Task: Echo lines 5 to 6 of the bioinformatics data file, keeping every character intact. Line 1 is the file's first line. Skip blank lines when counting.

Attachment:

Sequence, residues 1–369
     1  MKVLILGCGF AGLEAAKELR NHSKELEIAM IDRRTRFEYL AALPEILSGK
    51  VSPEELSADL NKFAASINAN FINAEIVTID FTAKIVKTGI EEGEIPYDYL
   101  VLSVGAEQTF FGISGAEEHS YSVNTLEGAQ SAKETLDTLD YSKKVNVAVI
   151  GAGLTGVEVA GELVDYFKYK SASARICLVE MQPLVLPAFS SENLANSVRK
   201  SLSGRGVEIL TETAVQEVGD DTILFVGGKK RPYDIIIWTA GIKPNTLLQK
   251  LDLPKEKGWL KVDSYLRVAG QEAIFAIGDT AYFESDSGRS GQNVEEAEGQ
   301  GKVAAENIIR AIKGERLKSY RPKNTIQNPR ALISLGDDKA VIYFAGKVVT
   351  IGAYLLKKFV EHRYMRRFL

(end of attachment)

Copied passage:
   151  GAGLTGVEVA GELVDYFKYK SASARICLVE MQPLVLPAFS SENLANSVRK
   201  SLSGRGVEIL TETAVQEVGD DTILFVGGKK RPYDIIIWTA GIKPNTLLQK